Atalaya Castle fits one stereotype of antebellum mansions in the American South–the bigger and grander, the better. But in its Moorish Revival style and rather severe architecture, it bucks tradition.
Atalaya was a recommended stop on a recent trip I took to the South Carolina coast. Approaching the castle, I expected to find a gracious and proper mansion–and was surprised to find a stark, gray cement building hidden behind heavy trees. If not for the fact that the iron window grates were fancifully designed and painted bright turquoise, I might have thought I had stumbled upon the ruins of an ancient prison.
Above: Atalaya was built by millionaire Archer Huntington for his wife, Anna Hyatt Huntington. The pair came to South Caroline from the Northeast, seeking a warm winter to ease Anna’s tuberculosis. They purchased three adjoining rice plantations on which to make their home, and planned a winter mansion and a botanic garden. Photograph by Mattmangum via Flickr.
Above: Though Archer Huntington lacked a formal education, he traveled the world as a child and developed a passion for Spanish culture during his many trips there. He learned Spanish and studied the art, literature, and history of Spain. Photograph by Doug Coldwell via Wikimedia.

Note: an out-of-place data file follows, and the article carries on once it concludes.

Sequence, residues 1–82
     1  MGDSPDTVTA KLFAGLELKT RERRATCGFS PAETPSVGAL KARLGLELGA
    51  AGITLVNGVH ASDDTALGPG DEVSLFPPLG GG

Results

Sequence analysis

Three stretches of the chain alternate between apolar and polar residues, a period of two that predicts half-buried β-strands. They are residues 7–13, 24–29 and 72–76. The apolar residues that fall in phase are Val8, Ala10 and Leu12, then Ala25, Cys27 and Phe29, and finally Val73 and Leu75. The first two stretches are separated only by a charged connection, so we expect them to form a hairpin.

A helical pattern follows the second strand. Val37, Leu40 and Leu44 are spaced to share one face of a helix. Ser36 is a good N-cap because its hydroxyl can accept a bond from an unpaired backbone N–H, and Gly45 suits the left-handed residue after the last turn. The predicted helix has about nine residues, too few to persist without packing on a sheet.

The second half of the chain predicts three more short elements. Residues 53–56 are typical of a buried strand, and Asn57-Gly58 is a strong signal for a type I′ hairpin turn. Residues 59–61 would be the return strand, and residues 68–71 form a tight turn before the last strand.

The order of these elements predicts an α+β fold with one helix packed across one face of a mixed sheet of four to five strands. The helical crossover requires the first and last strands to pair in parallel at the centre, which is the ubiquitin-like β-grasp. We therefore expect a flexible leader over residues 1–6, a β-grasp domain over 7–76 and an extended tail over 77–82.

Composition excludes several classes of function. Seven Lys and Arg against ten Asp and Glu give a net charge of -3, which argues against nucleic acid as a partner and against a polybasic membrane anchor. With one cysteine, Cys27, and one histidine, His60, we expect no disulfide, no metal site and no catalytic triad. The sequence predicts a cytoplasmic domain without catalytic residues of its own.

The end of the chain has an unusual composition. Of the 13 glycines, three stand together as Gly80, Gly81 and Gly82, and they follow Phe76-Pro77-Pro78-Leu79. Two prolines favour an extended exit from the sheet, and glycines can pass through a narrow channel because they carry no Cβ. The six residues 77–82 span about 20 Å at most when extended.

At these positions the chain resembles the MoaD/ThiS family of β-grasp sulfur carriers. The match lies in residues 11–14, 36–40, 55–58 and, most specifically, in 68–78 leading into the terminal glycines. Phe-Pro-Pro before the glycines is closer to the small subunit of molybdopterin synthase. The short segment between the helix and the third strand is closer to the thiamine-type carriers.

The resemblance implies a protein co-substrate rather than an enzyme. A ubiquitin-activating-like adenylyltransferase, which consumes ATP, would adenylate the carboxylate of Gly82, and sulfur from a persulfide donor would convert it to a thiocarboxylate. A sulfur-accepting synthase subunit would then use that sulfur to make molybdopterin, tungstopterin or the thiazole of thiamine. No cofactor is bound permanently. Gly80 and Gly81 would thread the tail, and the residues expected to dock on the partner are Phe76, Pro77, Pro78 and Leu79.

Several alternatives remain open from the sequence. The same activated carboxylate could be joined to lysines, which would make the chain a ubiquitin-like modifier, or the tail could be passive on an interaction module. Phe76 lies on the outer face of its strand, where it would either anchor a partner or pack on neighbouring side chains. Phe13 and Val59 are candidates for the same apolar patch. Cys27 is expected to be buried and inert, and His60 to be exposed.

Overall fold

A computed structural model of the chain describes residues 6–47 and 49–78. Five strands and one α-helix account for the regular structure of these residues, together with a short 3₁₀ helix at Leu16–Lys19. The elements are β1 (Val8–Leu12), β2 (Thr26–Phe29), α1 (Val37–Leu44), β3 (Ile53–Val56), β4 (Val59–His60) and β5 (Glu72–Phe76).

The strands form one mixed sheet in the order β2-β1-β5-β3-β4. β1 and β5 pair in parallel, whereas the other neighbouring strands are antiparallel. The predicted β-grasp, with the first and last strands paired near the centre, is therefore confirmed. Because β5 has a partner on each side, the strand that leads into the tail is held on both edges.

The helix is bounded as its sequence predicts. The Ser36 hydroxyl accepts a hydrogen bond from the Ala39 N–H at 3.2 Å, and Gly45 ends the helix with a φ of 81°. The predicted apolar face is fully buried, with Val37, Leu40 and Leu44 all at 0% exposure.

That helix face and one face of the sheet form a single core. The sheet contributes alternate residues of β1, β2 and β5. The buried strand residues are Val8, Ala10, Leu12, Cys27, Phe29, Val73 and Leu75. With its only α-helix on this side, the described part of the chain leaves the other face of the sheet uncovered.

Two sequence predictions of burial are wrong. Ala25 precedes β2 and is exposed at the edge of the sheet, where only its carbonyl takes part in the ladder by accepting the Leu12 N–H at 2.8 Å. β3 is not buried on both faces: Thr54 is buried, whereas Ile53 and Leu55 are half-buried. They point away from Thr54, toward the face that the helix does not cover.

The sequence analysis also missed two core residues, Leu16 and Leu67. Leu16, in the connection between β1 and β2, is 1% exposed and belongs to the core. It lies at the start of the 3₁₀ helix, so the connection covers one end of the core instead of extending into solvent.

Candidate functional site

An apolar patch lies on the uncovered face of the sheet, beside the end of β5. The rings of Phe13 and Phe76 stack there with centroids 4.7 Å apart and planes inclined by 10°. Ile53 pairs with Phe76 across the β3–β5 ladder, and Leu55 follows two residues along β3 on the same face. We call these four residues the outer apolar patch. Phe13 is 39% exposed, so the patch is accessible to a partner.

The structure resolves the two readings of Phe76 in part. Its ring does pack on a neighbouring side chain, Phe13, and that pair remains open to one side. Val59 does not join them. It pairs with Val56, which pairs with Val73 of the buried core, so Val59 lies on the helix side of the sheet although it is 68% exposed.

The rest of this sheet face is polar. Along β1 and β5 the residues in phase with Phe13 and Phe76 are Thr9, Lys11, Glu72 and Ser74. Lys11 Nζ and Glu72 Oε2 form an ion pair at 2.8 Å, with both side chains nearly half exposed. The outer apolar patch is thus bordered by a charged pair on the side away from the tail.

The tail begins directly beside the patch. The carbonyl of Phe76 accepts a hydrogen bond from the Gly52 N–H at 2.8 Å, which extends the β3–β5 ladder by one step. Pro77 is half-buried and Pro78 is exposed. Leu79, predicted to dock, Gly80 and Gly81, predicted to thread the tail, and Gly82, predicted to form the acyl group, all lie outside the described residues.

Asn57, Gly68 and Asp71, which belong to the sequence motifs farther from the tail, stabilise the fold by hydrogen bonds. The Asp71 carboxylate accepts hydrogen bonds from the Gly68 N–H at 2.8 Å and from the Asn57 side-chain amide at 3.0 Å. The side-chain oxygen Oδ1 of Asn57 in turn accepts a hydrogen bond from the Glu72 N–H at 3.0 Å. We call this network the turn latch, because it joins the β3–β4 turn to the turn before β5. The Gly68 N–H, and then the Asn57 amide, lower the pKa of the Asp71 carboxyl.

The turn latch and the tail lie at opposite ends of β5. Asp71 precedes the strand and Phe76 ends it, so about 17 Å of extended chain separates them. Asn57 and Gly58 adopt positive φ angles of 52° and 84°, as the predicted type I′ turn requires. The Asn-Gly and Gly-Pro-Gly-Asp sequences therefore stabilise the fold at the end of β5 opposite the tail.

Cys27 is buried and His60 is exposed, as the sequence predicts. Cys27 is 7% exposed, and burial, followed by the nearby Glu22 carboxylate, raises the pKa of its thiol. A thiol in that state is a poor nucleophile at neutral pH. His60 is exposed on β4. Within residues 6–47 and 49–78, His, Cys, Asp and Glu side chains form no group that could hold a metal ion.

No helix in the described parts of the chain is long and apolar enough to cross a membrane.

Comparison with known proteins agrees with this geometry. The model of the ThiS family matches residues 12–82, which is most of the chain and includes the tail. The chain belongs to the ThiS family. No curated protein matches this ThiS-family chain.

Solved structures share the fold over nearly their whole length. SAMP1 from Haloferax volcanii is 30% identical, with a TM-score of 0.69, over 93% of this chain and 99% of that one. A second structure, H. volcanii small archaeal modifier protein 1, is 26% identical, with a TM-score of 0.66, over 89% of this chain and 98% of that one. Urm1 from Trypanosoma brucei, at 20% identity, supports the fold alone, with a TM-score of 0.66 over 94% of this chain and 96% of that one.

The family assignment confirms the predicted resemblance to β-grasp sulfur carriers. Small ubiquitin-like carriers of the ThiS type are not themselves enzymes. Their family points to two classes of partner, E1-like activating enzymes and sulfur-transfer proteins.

Above: Arthur designed his home in the Moorish Revival style, common on the Spanish Mediterranean coast. The style is typified by ornate interiors concealed behind plain facades, which explains Atalaya’s forboding exterior. Photograph by Doug Coldwell via Wikimedia.
Above: The home’s 30 rooms open onto a courtyard, a common feature of the Moorish style. The home was built during the Great Depression, and Arthur Huntington insisted on hiring local craftsmen to provide them with work. Though the workers had little experience with brick, and Arthur never drew plans for the house, he managed to dictate the design to his workers. Photograph by Doug Coldwell via Wikimedia.
Above: Anna Huntington was a sculptor, but was too ill to practice her art while the house was under construction. Instead, she occupied herself creating Spanish-style decor for the home. Among her designs are ornate green grills on the windows, meant as protection from southern storms. Photograph by Jeanne Rostaing.
As Anna Huntington recovered from her illness, she began to use two large studios that Archer had built for her, one in an outside courtyard and one inside with a 25-foot skylight.
Above: The Huntingtons left Atalaya in 1947, and from 1960 to 2003 the house was neglected. For the past decade it has been under the protection of the South Carolina Parks Service, which has worked to preserve the structure. Photograph by Jeanne Rostaing.
Archer Huntington died in 1955, but Anna continued working as an artist until her death in 1973. The botanic garden the Huntingtons established on the property–Brookgreen Gardens–is still thriving today. It serves as a setting for Anna’s larger-than-life sculptures, several of which reveal her own adopted love of Spanish culture.